Ayodhya hearing: ‘Unshakeable faith is proof of Rama’s birthplace’

Lawyer for Ram Lalla Virajman K. Parasaran submits that references to disputed land are there in the Valmiki Ramayana.

Updated - November 28, 2021 01:11 pm IST

Published - August 07, 2019 06:01 pm IST - NEW DELHI

A view of the Supreme Court.

A view of the Supreme Court.

“Whether Jesus Christ was born in Bethlehem... Has such a question ever arisen in any court?” Supreme Court judge, Justice S.A. Bobde, asked senior advocate K. Parasaran, lawyer for Ram Lalla Virajman, the deity in Ayodhya.

The query came during the second day of hearing in the Ramjanmabhumi cross-appeals filed by Hindus and Muslims contesting each other's claims of ownership over the 2.77 acres in Ayodhya where Hindus believe Lord Ram was born in Tretha Yuga. The structure - Babri Masjid - which stood on the disputed land was demolished by ‘kar sevaks’ on December 6, 1992.

The Allahabad High Court attempted to resolve the decades-old dispute by giving joint possession of the disputed land to both Hindus and Muslims in a three-way partition among the deity, Nirmohi Akahara and the Sunni Waqf Board in September 2010. But the parties responded by filing cross-appeals in the apex court.

Mr. Parasaran submitted that references of disputed land is there in ‘Valmiki Ramayana’ .

He said the usual strict codes of evidence should relaxed in this case as worshippers believe the spirit of Sri Ram pervades/resides in the Asthan. The unshakeable faith of the believers is itself evidence that the Asthan is the birthplace of Rama, he addressed the Constitution Bench led by Chief Justice of India (CJI) Ranjan Gogoi.

Mr. Parasaran argued, “The Asthan has become a personification of the deity. It has by itself become an object of worship for the Hindus.” The suit filed by the deity in 1989 was not hit by limitation as the installation of idols in the Babri mosque on the intervening night of December 22-23 of 1949 was not a “continuous wrong” as an interim injunction order was passed on January 19, 1950, which was again confirmed on March 3, 1951. The appeal against the injunction order was dismissed by the Allahabad High Court in April 1955.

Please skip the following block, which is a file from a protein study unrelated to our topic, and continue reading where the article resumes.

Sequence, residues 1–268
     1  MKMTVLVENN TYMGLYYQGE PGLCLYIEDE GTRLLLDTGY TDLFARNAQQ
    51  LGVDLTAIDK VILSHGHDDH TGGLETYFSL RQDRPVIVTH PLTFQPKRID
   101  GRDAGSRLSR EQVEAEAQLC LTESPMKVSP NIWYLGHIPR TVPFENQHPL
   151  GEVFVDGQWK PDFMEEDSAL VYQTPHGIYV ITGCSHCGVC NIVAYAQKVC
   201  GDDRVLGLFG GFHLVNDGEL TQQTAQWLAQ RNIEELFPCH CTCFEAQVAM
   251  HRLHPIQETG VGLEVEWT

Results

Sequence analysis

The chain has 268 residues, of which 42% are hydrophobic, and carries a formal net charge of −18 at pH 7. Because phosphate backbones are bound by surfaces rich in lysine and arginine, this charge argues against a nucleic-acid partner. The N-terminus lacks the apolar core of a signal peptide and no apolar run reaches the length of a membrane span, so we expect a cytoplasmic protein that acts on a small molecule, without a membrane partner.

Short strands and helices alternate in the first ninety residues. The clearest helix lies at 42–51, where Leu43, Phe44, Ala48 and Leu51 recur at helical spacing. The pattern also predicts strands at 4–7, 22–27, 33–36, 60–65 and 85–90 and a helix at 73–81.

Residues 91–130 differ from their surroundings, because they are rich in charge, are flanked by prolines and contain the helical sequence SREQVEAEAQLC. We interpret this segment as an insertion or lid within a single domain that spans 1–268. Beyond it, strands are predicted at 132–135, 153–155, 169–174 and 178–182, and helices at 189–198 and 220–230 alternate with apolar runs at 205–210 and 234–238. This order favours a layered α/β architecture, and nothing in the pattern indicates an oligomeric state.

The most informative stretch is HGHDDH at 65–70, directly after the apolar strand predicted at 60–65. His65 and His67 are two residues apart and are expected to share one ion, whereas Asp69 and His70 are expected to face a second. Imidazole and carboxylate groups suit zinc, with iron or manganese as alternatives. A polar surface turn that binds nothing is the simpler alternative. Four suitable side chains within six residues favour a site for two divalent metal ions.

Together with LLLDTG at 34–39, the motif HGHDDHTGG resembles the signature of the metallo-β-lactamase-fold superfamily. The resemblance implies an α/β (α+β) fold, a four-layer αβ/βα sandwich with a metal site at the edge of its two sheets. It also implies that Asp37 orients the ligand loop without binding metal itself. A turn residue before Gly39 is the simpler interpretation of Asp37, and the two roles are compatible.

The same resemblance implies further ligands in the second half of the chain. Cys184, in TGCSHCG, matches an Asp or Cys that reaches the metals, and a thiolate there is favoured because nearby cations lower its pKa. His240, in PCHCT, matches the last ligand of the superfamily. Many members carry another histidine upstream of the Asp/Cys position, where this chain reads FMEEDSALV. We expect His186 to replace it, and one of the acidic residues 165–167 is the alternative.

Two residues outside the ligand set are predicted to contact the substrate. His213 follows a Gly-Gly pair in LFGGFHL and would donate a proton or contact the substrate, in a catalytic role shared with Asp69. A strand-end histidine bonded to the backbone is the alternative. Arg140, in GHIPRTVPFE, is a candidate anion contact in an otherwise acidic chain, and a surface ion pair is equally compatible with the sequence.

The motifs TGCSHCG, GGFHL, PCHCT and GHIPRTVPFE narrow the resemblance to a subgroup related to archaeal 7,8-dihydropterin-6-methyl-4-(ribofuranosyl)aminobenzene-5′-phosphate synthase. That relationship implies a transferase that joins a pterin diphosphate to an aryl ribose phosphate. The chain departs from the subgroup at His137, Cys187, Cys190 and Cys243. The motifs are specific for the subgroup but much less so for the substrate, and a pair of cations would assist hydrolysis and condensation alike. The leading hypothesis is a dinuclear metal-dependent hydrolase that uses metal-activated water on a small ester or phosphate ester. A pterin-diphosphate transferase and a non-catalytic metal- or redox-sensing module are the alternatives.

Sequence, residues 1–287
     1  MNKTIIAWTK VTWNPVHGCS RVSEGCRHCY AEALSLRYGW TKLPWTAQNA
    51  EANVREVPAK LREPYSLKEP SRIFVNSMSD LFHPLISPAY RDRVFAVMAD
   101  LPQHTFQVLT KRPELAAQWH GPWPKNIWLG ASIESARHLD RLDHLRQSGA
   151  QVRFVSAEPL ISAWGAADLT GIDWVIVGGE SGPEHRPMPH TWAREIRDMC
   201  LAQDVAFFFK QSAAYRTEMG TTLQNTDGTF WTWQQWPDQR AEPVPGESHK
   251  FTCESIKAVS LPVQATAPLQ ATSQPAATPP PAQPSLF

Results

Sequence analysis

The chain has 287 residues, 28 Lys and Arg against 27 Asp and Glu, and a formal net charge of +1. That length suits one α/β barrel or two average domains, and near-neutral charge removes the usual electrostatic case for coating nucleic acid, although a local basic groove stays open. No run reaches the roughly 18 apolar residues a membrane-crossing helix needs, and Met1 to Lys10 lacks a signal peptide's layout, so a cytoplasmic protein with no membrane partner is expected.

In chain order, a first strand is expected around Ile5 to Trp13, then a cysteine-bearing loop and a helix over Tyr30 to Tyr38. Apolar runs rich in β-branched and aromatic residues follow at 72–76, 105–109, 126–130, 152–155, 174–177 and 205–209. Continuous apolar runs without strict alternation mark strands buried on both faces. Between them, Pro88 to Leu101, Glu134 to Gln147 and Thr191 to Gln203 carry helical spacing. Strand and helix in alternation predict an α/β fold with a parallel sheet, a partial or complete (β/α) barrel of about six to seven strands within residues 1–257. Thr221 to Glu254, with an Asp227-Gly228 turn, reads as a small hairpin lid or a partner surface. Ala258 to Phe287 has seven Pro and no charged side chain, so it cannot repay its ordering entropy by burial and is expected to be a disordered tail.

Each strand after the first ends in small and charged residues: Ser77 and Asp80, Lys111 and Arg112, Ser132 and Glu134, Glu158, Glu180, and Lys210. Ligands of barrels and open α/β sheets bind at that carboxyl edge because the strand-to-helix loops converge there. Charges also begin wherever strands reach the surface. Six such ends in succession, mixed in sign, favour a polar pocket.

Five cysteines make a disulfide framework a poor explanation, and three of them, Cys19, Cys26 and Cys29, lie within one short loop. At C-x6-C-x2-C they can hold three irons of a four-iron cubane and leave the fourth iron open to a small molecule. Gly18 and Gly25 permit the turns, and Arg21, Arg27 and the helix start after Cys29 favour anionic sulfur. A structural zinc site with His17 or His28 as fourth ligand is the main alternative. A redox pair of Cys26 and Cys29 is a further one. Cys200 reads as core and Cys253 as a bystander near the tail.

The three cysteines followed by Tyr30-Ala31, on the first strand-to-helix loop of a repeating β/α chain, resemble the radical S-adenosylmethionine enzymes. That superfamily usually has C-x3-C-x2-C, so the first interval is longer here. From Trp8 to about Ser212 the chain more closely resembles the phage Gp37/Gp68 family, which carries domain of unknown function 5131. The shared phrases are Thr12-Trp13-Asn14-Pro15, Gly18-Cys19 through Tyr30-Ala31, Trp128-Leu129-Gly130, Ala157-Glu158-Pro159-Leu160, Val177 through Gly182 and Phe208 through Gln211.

A Hindu deity in law is treated as a juristic person with rights. The Ayodhya deity is an infant form of Lord Ram. The deity is deemed a perpetual minor. The law of limitation does not apply to minors. The Allahabad High Court had admitted the suit filed on behalf of Ram Lalla and appointed the next friend to represent the Lord. The suit in the name of the deity had sought a declaration that the Ramjanmabhumi belonged to the deities. It had also sought a judicial order prohibiting any obstruction in the construction of the new temple building in the disputed area.

The court had asked Mr. Parasaran to commence his arguments after Nirmohi Akhara sought more time to produce oral, historical and documentary evidence to establish their claim over the entire area of the disputed Ramjanmabhumi.

Time for Akhara to prepare evidence

The court, which is on a tight schedule as the CJI has about 50 working days left before retirement in November, decided to hear the deity and gave the Akhara time to prepare the evidence.

When a lawyer protested the move from the back row of the courtroom, Chief Justice Gogoi gave him a dressing down, saying “the First Court of this country should remain the First Court of this country. Don't try to make it anything else.”

Earlier, the court did not agree when senior advocate Sushil Kumar Jain, for Nirmohi Akhara, suggested reading the documentary evidence from the judgments of the lower courts in the case.

“These would be just excerpts. We want the original documents,” Justice D.Y. Chandrachud, on the Bench, reacted.

Mr. Jain said documentary evidence like revenue records etc, to establish the Akhara's claim of having managed and controlled the “temple” in the Ramjanmabhumi went missing in a “dacoity” in 1982.

But Justices Ashok Bhushan and S. Abdul Nazeer seconded Justice Chandrachud, who asked Mr. Jain to at least present oral evidence, such as testimonies in court, before the Bench.

“Statements here and there will not do. Present us the oral evidence,” Chief Justice Gogoi asked Mr. Jain before giving him time to prepare and passing on to hear Mr. Parasaran

The hearing will continue on August 8.

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